Mr. Joseph Burns one of most popular young men has gone to seek riches in the United States.

Mr. Albert hall purchased a fine horse from Mr. Jno Bill of Billtown recently.

Mr. RS Armstrong hurt his foot badly at the barn raising at William McAuley's by the upsetting of some heavy timber. It is sincerely hoped that the injury is not as bad as feared and that he will soon recover.

Miss Jennie Hall visited friends in Weston recently.

The lovers of artistic needle work will be pleased to know that Mrs. Edward DeLancy of Weston, formerly Miss Lizzie Fitzgerald of this placed has pieced a quilt containing four thousand and thirteen pieces, the pattern is crazy work and is very finely executed. Mrs. DeLancy has another mosaic pattern containing a number of pieces less.

Mrs. JF Neves is visiting Weston. She is at present the guest of Mr. and Mrs. Edward DeLancy.


Mr. RH Lamont and daughter of Kentville have been spending the last two weeks with her mother Mrs. E Steadman.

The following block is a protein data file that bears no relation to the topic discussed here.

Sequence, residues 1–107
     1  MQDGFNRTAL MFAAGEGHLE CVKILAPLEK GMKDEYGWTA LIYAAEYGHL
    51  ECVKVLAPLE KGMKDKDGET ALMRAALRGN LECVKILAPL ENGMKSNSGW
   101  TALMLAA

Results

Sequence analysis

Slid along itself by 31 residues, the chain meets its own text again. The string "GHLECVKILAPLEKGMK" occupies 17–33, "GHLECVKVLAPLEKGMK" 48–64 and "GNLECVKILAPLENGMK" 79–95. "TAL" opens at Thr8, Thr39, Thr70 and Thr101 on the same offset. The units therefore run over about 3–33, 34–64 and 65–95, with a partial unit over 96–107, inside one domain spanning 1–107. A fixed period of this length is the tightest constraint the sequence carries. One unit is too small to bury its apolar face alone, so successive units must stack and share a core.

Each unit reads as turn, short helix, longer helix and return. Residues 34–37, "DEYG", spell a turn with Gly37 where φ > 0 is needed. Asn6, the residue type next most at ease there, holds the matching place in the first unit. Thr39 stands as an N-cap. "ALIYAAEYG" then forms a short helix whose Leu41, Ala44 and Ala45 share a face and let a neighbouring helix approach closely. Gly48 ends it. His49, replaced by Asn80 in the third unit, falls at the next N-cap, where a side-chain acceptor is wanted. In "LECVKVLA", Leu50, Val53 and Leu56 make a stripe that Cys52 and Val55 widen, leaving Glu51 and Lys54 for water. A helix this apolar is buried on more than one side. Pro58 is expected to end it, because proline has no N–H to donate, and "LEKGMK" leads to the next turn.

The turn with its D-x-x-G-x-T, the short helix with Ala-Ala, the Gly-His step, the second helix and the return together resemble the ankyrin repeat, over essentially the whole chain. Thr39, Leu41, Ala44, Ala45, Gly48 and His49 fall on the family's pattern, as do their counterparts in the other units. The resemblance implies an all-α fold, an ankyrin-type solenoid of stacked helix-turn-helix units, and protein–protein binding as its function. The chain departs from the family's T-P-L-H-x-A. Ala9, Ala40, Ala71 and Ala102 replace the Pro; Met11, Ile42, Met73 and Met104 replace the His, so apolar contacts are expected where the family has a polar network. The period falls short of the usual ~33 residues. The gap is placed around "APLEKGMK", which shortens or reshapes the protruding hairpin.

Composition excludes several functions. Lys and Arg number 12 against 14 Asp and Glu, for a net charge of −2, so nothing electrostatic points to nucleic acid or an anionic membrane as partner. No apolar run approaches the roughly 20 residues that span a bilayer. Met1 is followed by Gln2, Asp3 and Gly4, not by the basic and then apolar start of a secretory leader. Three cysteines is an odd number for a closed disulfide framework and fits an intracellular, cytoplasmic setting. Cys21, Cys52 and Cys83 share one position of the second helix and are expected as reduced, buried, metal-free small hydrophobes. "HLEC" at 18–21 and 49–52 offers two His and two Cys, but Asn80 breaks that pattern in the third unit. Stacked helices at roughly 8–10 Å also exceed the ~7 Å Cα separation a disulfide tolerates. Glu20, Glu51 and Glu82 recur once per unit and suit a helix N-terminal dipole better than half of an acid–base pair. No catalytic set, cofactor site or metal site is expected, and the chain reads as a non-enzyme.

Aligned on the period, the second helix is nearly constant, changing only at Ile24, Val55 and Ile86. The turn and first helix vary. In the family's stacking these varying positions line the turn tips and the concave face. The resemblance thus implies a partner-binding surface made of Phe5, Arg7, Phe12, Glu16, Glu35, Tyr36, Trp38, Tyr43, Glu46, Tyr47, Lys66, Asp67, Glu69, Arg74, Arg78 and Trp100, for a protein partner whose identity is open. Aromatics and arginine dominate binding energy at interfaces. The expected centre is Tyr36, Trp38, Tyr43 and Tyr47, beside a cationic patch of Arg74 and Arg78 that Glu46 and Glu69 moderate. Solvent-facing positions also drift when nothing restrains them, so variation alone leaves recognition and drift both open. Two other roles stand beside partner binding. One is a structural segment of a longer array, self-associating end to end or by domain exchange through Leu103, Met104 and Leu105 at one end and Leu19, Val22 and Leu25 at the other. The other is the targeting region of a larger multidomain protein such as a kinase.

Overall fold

We are glad to see Mr. Alfred Lamont home again from Isaacs harbor.

Miss Hattie Rockwell is visiting her sister Mrs. Fitch in New Minas.

Quite a number of our citizens have been attending the evangelistic services in Kentville.

The B Y P U will hold a concert in the Baptist church on Sunday evening next the 26th which we expect will be very interesting.

Misses Flora and Ruth Bently of Northville have gone to Kentville to set up dressmaking for themselves. We hope them every success.

Miss Ruby Card has gone to Wolfville for the summer.

Miss Myra Lamont has gone to Kentville where she intends spending the summer with her brother Mr. R H Lamont.

Miss Mary Sweet is visiting friends in Kentville.

Scotts Bay: